The one caveat with pfsense is that you need to change the DHCP6 DUID type from the default (DUID-LLT) to DUID-LL, which you can do under advanced/networking, other than that copy the settings Mach3.2 posted earlier.

You will then need to enable RA and optionally DHCPv6 to make the firewall autoconfigure addresses for your client devices.

Something i haven't tried, but *should* theoretically work... M1 only give you a /64 block, but they don't restrict how many such blocks you can request. If you connect multiple routers with a switch, or multiple virtual interfaces each with their own MAC you should in theory be able to get multiple /64 assignments. It would be much better if they'd just assign a /56 tho.

One other thing you can try, in the advanced DNS resolver settings you can set the DNS64 prefix to 2401:7400:8000:0:3:0::/96, M1 have a NAT64 server which allows ipv6-only devices to access externally hosted ipv4 sites. It seems to be used by default on mobile (at least on ios) but not on fibre. You don't need it as you'll have dual stack too, but you can have a play around to see how things handle an ipv6-only network.
 
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Elijahonli

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M1 does assign a block of /64 via DHCPv6-PD. You can't get any blocks larger than a /64 though, so you can only assign it to a single LAN interface if you have multiple LAN interfaces.

EQ54tKY.png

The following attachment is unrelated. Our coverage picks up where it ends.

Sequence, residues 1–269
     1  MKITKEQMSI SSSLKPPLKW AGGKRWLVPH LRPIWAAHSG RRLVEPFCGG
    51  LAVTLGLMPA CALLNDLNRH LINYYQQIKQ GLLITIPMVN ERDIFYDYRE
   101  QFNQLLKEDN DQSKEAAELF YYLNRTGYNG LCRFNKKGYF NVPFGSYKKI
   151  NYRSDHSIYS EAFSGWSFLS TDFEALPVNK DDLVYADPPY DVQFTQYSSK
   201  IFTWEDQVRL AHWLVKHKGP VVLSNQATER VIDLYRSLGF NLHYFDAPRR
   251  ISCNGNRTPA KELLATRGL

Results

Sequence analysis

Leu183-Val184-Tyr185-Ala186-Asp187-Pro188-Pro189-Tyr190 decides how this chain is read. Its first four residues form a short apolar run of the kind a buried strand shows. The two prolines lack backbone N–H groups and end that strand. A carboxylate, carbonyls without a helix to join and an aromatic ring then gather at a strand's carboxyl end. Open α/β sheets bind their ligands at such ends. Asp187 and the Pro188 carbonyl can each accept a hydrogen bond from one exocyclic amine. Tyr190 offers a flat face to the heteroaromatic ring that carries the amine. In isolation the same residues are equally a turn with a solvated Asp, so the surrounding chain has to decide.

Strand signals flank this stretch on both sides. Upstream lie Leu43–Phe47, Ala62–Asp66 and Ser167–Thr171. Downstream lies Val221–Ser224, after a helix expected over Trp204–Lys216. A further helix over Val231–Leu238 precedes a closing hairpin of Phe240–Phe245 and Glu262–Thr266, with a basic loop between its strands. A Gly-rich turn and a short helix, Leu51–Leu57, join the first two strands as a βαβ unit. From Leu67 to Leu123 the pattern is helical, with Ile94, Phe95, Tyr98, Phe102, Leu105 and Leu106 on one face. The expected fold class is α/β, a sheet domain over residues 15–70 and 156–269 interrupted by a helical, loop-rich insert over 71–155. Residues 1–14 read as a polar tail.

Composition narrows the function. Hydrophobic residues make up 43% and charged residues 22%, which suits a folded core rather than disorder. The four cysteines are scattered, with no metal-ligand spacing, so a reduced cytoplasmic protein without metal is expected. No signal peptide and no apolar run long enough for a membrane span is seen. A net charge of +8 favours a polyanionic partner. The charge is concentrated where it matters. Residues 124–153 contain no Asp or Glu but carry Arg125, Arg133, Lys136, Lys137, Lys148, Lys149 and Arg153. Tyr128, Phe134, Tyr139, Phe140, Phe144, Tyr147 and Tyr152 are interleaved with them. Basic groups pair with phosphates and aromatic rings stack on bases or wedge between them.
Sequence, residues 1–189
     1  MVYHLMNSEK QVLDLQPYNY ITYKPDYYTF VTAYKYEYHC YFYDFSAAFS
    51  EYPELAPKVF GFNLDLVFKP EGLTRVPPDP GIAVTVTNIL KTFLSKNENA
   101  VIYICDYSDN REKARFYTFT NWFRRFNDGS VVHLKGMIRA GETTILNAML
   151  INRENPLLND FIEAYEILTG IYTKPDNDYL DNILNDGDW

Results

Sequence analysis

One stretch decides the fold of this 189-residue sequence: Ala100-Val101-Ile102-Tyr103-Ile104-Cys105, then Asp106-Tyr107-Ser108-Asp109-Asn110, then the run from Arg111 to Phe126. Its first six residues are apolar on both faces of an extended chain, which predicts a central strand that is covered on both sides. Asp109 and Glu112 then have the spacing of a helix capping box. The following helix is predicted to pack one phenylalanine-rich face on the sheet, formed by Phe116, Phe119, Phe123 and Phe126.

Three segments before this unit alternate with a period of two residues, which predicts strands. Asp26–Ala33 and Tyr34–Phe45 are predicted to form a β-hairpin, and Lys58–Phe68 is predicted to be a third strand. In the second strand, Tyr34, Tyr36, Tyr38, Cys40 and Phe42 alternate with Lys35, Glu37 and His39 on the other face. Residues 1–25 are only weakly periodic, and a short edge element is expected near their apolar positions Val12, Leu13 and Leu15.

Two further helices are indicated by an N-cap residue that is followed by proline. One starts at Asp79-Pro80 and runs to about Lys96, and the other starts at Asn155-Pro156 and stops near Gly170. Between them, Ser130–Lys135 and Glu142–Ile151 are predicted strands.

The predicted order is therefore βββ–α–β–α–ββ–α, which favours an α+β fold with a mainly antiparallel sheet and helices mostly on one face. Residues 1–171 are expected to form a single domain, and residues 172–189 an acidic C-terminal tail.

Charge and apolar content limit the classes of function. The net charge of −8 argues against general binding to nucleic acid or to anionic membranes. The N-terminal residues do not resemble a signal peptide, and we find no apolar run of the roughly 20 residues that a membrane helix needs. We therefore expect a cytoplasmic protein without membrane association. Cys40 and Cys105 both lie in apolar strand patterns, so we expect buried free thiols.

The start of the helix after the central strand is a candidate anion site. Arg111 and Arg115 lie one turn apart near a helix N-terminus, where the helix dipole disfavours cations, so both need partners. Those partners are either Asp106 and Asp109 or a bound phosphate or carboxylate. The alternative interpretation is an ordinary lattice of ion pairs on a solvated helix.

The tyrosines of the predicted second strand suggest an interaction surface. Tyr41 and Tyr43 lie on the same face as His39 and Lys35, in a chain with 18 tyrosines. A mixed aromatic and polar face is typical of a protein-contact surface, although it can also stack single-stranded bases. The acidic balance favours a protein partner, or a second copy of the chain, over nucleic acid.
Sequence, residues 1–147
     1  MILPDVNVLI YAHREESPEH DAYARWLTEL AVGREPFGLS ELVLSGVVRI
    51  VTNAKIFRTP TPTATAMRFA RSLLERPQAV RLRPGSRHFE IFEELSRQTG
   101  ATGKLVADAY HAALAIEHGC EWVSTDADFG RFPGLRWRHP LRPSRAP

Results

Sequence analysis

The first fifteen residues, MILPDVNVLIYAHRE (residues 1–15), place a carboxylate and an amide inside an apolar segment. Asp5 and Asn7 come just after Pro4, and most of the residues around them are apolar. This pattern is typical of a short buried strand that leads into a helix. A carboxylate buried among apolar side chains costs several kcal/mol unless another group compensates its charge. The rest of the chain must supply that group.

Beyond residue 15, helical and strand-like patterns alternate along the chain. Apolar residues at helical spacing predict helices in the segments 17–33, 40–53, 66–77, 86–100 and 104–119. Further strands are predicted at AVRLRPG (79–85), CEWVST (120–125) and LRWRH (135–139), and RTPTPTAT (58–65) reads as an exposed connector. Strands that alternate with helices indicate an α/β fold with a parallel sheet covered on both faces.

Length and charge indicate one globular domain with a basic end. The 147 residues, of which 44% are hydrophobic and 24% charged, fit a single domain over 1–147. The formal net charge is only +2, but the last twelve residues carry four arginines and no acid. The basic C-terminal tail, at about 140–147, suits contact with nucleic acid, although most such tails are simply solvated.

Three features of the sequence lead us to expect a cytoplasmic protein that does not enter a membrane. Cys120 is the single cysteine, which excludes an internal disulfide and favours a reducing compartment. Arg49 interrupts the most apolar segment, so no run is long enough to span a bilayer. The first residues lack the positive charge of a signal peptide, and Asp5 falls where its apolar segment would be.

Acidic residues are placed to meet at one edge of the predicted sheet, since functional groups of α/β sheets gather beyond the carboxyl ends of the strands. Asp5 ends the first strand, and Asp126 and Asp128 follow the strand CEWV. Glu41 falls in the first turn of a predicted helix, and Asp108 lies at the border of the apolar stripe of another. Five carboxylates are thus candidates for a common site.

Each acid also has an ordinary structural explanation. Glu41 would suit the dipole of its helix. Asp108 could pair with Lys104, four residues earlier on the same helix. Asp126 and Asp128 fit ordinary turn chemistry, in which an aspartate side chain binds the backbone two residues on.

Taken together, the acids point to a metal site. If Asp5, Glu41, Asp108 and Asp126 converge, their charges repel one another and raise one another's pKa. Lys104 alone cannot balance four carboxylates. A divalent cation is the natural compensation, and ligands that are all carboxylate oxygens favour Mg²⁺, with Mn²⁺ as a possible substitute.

3ud80ql.png
thanks for sharing bro.

one confusion I have.

lets say ISP assign 4203:7547:25e1:def5:70bb:ec21:380a:1ac8 to my LAN interface.

does it mean that all my devices connected to my LAN interface will get a random v6 address 4203:7547:25e1:def5:xxxx:xxxx:xxxx:xxxx? and all the addresses are allocated to me or ?
 

bert64

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thanks for sharing bro.

one confusion I have.

lets say ISP assign 4203:7547:25e1:def5:70bb:ec21:380a:1ac8 to my LAN interface.

does it mean that all my devices connected to my LAN interface will get a random v6 address 4203:7547:25e1:def5:xxxx:xxxx:xxxx:xxxx? and all the addresses are allocated to me or ?
No.
You will get a WAN address something like 2401:7400:c002::1234/128
And then you will get a prefix assignment, something like: 2401:7400:c802:aaaa::/64

All of your devices will then be 2401:7400:aaaa:bbbb:XXXX:XXXX:XXXX:XXXX, but the last half of the address is entirely up to you. You can assign them statically (eg ::1, ::2 etc) or you can let them pick their own addresses (random but persistent - eg the 2nd half of the address will never change for that device).

2401:7400: is M1
aaaa is the /48, i think M1 assign a different /48 depending on which geographical node you connect to
bbbb is then your /64, which will be randomly assigned to you by m1.
 

miloaisdino

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this is interesting. singtel issues /32, which is the largest so far i suppose?
 

bert64

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this is interesting. singtel issues /32, which is the largest so far i suppose?
No, singtel allocate a /32 to the 6rd tunnel but each individual user only gets /64.
That's because of the way 6rd is designed, you need to devote an entire /32 because every possible ipv4 address gets a corresponding /64 - the 32 bits of the prefix, plus the 32 bits of the ipv4 address make up the prefix for your /64.